My favourite way to open an argument is with a declamatory statement ‘education is lacking!’ Opening with an exclamation is a short, sharp, and potentially shocking way to grab the audiences’ attention. This is by no means an exhaustive list, just a few examples before my more detailed posts drop in the coming weeks.
One thing my Master’s lecturer taught me is that ‘the most powerful positions for individual words, thoughts and concepts are at the beginning and the end: of clauses, of sentences, of paragraphs, of whole books. Don’t waste these positions.’
This is the part of the piece where some background facts, historical context, or an overview of the basic knowledge needed for the reader to understand the argument are contained.
Two ways of organising this section:
- Chronologically. Especially when talking about historical facts, a chronological ordering of the narratio could be helpful.
The energy of the writer can really come to life in this section. The use of similes, metaphors, and other rhetorical schemes can help to keep the readers engaged while one divulges the background information necessary to understand the text. Another important factor to consider is the brevity of this section. Just enough information is generally desired. Just enough information keeps readers engaged while being able to follow your argument perfectly.
Like it sounds, this is the confirmation of the text. This is the main body of the argument, the meat of the text. By this point, the reader will understand what the author is writing about. There are no real rules as to how to structure this point, only that it must be logically structured.
Once again, this part is like it sounds (by now I’m wrestling with the automatic spell checker which is chastising me for missing out a load of n‘s from my titles.) This is the part where the writer will refute other arguments. The idea of this section is to add weight to the argument while showing that thought and careful reading has been conducted.
There are several ways to counter an opposing argument: by appealing to reason, emotion, ethics, or by making fun of an opponent’s views. The last in the last is perhaps the hardest to successfully implement as, at this stage of an argument, humour is more likely to fail than succeed.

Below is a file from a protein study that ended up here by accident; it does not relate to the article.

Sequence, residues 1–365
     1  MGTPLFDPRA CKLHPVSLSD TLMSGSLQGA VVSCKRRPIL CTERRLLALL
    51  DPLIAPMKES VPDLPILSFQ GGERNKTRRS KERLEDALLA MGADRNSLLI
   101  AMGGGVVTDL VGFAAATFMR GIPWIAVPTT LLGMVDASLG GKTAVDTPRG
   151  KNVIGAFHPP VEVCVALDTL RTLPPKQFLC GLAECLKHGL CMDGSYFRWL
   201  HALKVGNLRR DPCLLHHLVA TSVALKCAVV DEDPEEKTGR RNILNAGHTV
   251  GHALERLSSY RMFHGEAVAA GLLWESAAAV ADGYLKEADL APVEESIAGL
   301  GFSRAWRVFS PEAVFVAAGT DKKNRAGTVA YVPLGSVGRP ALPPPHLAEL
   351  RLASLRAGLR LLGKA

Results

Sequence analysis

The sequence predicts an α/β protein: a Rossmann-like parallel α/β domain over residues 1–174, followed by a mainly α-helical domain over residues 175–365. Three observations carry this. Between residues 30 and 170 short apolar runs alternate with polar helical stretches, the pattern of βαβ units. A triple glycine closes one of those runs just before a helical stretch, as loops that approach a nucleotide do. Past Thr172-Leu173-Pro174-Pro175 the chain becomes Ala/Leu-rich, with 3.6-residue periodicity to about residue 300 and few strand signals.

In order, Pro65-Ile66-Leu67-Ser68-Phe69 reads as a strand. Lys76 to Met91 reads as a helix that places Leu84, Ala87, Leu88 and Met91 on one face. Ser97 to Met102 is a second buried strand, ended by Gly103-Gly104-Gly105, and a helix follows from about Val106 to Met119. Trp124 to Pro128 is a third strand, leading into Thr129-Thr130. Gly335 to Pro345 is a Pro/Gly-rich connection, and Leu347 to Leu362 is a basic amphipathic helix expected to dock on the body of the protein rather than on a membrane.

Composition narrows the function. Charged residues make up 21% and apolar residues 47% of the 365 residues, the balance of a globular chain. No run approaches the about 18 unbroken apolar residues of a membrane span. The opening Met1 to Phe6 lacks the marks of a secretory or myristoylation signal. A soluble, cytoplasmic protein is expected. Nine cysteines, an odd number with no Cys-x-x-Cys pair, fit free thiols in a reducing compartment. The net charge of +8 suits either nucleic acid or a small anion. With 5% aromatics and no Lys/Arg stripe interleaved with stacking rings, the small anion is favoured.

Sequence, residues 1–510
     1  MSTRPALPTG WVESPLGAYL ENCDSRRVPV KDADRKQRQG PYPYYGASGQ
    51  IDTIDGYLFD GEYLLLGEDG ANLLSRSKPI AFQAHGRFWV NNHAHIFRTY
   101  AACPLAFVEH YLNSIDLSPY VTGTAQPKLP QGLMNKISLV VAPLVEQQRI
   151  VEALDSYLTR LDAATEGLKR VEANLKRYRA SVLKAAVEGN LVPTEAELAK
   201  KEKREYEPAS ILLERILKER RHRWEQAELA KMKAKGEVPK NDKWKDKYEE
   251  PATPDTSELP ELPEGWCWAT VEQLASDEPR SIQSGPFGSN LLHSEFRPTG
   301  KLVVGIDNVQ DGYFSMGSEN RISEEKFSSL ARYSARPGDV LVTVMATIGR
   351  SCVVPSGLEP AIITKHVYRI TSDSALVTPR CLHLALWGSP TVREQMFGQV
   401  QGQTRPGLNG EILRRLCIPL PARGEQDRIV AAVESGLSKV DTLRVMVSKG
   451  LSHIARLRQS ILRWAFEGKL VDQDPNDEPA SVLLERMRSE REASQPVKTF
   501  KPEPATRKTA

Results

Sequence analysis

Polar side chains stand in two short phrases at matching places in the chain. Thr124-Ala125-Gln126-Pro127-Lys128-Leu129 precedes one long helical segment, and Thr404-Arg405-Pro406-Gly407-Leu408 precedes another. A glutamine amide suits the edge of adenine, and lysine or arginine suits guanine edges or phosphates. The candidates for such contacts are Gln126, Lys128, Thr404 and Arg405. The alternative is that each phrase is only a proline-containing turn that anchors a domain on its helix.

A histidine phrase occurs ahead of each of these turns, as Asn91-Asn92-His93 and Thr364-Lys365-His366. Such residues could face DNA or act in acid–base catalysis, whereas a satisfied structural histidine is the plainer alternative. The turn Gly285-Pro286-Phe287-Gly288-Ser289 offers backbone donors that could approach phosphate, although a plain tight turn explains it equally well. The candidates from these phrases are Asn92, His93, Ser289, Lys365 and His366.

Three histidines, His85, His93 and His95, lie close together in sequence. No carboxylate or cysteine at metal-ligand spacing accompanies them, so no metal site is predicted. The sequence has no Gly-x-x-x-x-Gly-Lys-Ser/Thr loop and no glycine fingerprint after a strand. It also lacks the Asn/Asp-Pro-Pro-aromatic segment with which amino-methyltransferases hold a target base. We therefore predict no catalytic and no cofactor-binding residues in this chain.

This is the conclusion. Often an area for recapitulation, a conclusion to a piece could contain a summary of points, a call to arms, or attempt to create an emotional effect in an audience.
Some argue that it is not necessary to write a conclusion at all. In some cases, such as fiction, the structure of a piece may not lend itself to a conclusion. Other writers may feel that they have dealt with everything after finishing the main argument and refutatio, and wish to not laboriously repeat the point.
There are a few ways to end a piece: inspire the reader with a favourable opinion of the writer or piece, amplify the main points of the piece, to create an emotional call to arms in the audience, or to recapitulate. It is important to close the passage of writing in a satisfactory manner, and this can often be achieved with a succinct conclusion.
These five sections, when put together (not necessarily in this order), help to create an efficient train of logical thought that readers will be able to follow. Whether you are a student writing an essay, a teacher writing a report, or a politician crafting a speech, classical rhetoric is an indispensable tool for sharp writing.
That’s it for the first post in this series. I hope you have enjoyed this short introduction into Classical Rhetoric and Rhetorical structures. Like I said, I am still learning about this. So, if you have anything to add, or indeed you think I missed out, please drop me a comment below.
Another post on classical rhetoric (focusing on techniques) is coming next week.
Thanks for reading.